FTC Tags Reverb Communications for Astroturfing
Public Relations firm Reverb Communications became one of the first companies to enter a consent decree under the new FTC Blogger Endorsement Guidelines after the FTC charged it with using its employees to post favorable reviews for clients. Under the consent decree, Reverb and its owner must
- remove any previously posted endorsements that misrepresent the authors as independent users or ordinary consumers, and that fail to disclose a connection between Reverb and the seller of a product or service.
- may not misrepresent that the user or endorser is an independent, ordinary consumer, or make endorsement or user claims about a product or service unless they disclose any relevant connections that they have with the seller of the product or service
More info: FTC Press Release.
FTC Wins Court Order Blocking Acai Berry Marketer’s Deceptive Advertising and Marketing Practices
Acai berry supplements are widely advertised over the internet and were named one of the Top 10 Scams and Ripoffs of 2009 by the BBB. The FTC obtained an asset freeze and temporary receiver over Central Coast Nutraceuticals, Inc., for making billing customers for their “free trial” and making fake endorsements by celebrities like Oprah Winfrey and Rachael Ray “for a product that didn’t work in the first place.”
The false claims cited by the FTC included:
claiming that using AcaiPure could lead to rapid and substantial weight loss.
making unproven claims that the product’s weight-loss claims are backed by “double-blind, placebo-controlled weight loss studies”.
deceptively claiming that Colopure could help prevent colon cancer because it would “cleanse your entire system,” “detoxify your organs,” and break down and remove “toxic waste matter which may have been stuck in the folds and wrinkles of your digestive system for years and years.”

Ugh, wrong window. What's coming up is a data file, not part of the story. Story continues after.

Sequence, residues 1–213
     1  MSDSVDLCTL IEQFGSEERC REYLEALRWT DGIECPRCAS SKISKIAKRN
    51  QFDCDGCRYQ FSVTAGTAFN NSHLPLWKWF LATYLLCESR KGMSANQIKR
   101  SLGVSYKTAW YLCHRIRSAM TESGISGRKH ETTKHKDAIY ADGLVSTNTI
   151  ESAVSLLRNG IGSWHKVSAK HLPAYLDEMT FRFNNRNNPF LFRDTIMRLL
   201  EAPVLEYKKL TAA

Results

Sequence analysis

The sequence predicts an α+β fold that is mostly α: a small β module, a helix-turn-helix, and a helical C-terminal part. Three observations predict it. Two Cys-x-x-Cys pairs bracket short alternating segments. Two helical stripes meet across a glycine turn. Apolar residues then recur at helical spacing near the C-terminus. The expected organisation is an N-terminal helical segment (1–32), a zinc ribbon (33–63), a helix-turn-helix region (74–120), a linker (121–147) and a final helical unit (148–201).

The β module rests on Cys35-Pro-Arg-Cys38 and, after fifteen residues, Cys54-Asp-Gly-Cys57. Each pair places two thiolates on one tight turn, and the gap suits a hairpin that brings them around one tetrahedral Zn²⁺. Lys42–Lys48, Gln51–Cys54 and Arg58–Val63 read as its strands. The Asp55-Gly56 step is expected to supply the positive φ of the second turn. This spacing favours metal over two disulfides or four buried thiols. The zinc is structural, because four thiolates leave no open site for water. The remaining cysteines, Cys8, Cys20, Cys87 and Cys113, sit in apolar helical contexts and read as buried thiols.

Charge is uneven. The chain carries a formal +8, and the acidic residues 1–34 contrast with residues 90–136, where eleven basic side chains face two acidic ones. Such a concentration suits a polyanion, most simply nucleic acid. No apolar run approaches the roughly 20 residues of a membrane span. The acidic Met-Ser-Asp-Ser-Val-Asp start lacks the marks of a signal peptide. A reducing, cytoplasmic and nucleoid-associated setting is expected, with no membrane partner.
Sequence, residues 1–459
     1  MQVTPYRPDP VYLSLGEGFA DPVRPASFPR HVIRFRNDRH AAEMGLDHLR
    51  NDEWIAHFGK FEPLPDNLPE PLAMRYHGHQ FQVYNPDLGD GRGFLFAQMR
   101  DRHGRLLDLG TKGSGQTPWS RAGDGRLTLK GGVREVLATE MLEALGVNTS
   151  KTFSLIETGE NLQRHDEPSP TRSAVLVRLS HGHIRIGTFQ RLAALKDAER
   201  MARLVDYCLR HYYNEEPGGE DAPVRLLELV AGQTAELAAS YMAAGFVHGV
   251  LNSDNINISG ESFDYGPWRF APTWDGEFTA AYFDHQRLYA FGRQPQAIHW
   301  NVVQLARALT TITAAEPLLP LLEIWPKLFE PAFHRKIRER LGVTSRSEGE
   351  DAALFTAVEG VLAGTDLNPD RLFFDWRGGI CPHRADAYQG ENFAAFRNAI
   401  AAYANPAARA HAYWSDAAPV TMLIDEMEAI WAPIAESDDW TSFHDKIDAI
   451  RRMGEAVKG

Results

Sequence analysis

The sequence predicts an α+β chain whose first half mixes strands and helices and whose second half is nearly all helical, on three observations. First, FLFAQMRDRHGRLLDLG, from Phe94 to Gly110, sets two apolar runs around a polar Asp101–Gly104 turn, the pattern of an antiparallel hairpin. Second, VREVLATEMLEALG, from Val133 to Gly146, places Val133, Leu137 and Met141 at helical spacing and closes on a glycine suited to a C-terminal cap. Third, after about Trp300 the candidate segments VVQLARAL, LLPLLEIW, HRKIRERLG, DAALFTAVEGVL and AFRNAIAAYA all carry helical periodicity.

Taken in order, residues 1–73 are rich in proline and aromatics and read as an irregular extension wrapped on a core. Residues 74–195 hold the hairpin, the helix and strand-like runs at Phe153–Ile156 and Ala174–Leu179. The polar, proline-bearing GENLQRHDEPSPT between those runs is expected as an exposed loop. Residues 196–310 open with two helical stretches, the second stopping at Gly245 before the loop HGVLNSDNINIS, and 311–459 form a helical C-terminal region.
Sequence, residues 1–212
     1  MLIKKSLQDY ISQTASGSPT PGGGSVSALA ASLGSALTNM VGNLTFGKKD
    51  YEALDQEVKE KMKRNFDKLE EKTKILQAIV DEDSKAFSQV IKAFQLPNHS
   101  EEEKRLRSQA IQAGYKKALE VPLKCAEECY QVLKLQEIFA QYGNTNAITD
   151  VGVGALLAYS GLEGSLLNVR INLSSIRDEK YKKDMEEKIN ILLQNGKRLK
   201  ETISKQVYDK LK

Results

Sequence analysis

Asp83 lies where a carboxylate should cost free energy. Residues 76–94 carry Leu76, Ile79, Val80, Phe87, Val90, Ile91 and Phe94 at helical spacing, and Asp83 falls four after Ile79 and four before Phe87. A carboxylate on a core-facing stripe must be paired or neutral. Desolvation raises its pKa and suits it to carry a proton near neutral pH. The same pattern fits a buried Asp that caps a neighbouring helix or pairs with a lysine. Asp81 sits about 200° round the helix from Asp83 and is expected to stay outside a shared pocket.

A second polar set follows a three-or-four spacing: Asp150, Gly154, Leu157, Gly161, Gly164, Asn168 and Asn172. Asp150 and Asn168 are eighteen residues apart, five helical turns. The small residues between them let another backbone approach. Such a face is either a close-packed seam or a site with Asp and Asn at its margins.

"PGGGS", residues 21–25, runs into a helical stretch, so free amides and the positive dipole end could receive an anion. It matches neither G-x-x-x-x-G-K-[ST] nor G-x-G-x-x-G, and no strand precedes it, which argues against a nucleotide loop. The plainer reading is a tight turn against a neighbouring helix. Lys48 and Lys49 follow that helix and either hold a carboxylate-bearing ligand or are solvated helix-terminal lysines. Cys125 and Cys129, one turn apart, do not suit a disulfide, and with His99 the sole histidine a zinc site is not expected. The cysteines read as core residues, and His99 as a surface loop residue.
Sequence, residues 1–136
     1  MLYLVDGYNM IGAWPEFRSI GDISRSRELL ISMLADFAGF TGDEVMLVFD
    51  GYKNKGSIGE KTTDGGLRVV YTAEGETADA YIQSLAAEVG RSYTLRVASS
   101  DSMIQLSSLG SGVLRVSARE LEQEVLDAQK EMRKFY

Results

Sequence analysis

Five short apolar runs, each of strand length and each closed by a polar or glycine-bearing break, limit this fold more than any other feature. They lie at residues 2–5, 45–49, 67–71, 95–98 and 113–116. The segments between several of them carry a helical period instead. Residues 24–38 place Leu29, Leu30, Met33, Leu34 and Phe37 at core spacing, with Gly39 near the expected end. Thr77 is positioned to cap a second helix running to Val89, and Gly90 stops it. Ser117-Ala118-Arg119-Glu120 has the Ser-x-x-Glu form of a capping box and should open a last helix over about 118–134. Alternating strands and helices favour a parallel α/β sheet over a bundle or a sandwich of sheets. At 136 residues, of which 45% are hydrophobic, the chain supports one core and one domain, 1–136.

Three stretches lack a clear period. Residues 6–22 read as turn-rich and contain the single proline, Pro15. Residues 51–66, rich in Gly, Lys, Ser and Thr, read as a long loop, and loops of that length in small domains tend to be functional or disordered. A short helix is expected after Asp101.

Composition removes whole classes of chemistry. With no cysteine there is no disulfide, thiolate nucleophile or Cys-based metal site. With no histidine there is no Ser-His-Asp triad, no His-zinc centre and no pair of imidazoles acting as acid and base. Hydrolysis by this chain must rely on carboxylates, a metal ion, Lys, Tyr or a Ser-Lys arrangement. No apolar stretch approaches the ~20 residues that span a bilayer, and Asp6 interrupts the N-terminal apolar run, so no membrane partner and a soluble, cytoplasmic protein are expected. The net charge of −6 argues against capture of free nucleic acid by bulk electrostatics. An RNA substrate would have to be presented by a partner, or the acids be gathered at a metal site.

FTC Expands Health Claim Substantiation Requirements
In two recent consent decrees, the FTC has expanded the type of substantiation required for a marketer making certain health claims. Specifically, the FTC requires
[a]t least two adequate and well-controlled human clinical studies of the product, or of an essentially equivalent product, conducted by different researchers, independently of each other, that conform to acceptable designs and protocols and whose results, when considered in light of the entire body of relevant and reliable scientific evidence, are sufficient to substantiate that the representation is true.
The consent decrees involved health benefits claimed by Nestle for its Boost Kids Essential beverage and weight loss claims by a dietary supplement marketer. With respect to claims regarding disease prevention, the FTC prohibited Nestle from making claims that the drink reduces the risk of respiratory infections unless the claim is permitted under FDA regulations, while also prohibiting dietary supplement marketers’ claims that it can treat colds, flu or other illnesses unless the claim is non-misleading and the product is an FDA-approved drug.
More info: FTC Releases on Nestle and Iovate Consent Decrees; Capitol Comments: New Substantiation Standards from FTC?, Neutraceuticals World